"There is no alternative to the administrative state. There is no dismantling of it. To dismantle it would be to dismantle the American constitutional order," said Vermeule, who also defended the prerogatives of federal agencies in a panel entitled, "The Wisdom of the New Deal Tradition."

"The New Deal was a spectacular success," Vermeule said. Patrick J. Smith, a contributor to The Josias, an online journal of Catholic integralist thought, said during the panel that reexamining the New Deal in a favorable light had been "an unbroken thread" in the conference.

The national conservative-integralist embrace of President Franklin D. Roosevelt's expansive New Deal project marks a significant point of departure from the mainstream conservatism that since President Ronald Reagan in the 1980s has espoused small government, laissez-faire economics and free trade. Those policies, several speakers at the Franciscan University conference said, have resulted in deindustrialization, hollowed-out cities in the Rust Belt, frayed social bonds, and the kind of hopelessness and despair in those communities that have exacerbated the national opioid crisis.

"This is our world. This is what we see every day, and this is what we accept as normal, of what progress looks like. This might even be what we call the blessings of liberty, the way it is," said Patrick Deneen, a University of Notre Dame political science professor and leading post-liberal academic.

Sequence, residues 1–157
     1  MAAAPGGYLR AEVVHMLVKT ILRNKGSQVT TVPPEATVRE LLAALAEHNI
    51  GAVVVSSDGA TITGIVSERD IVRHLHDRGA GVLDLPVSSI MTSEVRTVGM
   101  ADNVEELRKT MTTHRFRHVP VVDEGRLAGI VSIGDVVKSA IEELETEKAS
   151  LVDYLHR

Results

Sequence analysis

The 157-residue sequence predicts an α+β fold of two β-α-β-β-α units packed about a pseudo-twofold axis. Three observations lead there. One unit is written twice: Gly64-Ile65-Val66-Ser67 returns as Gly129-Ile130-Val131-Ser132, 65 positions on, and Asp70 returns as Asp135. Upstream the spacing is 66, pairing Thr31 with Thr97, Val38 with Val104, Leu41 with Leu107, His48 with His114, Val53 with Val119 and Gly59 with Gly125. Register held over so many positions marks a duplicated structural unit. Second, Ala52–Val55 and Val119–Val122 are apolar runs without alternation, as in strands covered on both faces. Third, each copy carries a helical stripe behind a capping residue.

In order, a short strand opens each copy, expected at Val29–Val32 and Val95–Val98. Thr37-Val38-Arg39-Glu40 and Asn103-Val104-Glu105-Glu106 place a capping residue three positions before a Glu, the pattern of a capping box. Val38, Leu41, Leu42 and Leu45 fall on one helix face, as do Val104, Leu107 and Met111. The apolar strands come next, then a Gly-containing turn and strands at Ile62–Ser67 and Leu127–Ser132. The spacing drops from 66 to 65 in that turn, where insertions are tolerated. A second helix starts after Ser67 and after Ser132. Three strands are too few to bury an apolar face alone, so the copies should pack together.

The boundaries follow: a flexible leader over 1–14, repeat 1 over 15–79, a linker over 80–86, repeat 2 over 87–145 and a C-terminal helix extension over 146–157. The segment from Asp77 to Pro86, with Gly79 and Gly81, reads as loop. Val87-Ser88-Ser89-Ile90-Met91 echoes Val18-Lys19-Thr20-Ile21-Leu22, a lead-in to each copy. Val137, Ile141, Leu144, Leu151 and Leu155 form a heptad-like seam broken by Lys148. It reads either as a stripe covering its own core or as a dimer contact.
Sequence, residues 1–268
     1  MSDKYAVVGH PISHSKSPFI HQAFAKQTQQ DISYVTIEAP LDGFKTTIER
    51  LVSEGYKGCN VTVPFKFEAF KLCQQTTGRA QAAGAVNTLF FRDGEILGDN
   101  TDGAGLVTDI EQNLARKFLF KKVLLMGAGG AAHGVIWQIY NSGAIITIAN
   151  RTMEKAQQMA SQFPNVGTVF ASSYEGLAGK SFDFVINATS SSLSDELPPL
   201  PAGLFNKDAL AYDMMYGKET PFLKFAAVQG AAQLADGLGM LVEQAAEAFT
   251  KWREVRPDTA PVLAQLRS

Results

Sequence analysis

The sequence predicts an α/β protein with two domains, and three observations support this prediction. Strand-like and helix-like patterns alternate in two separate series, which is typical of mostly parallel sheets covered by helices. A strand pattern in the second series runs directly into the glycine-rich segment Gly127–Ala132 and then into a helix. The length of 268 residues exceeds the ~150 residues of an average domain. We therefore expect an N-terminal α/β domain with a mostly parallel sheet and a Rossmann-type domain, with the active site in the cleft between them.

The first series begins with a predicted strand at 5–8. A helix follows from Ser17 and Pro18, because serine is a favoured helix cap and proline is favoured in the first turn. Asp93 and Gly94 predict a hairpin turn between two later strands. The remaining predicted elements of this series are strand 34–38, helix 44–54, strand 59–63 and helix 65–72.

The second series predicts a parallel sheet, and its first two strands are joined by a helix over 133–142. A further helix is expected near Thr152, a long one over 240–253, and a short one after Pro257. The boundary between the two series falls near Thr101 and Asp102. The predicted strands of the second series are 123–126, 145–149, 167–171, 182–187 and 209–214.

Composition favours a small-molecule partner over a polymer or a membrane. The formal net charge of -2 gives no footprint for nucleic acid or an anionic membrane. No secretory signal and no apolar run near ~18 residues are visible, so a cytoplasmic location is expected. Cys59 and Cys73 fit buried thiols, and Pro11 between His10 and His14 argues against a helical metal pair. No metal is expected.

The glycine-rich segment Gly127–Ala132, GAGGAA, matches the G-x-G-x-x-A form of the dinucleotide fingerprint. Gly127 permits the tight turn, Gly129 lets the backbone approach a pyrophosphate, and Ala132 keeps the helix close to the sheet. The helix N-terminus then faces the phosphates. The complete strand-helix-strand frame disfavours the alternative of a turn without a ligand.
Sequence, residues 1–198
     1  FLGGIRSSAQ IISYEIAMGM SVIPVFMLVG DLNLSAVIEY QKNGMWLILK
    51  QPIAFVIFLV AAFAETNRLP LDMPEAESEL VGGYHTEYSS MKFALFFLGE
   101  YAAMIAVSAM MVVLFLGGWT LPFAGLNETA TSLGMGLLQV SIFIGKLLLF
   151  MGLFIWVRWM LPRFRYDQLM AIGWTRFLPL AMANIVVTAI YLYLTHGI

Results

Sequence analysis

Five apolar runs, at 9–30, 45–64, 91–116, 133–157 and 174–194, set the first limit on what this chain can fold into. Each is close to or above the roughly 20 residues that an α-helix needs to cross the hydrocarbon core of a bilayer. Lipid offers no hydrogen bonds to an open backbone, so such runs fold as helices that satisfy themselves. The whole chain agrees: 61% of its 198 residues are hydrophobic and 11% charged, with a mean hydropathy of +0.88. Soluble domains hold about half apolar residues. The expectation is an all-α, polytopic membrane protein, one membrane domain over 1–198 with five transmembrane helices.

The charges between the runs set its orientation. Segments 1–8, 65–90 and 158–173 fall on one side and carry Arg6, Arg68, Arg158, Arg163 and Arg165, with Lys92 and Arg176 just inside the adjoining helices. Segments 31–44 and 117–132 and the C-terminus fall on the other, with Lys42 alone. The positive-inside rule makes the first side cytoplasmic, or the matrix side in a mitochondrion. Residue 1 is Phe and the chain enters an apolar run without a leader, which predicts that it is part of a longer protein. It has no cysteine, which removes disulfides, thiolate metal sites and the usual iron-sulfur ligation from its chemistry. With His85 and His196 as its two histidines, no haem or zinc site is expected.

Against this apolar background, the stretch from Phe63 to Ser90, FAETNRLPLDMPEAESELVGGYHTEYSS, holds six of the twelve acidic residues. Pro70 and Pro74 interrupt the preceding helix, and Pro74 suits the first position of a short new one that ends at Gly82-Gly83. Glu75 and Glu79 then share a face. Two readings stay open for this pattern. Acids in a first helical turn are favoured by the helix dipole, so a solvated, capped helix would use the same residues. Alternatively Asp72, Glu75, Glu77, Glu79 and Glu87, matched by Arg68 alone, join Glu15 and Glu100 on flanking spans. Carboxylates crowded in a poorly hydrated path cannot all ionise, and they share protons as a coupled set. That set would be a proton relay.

Deneen showed the audience photographs of German and American cities, taken before and after World War II. He said the United States adopted the Marshall Plan to rebuild German cities to their former glory but allowed places like Detroit, Steubenville and South Bend, Indiana, to fall victim to ruthless global market forces.

"I want to suggest that we actually lost the war," Deneen said. "What we're seeing is evidence of a kind of bombardment, of a literal destruction of our nation, that has been in a sense a war fought against us, or certainly the people in these places."

Echoing progressive critiques of unfettered capitalism, Rusty Reno — the editor of the conservative First Things journal — told the Franciscan audience that capitalism has "imperial ambitions." He also said that capitalism makes "alluring promises of prosperity and freedom" but instead delivers "many forms of bondage and many pathologies."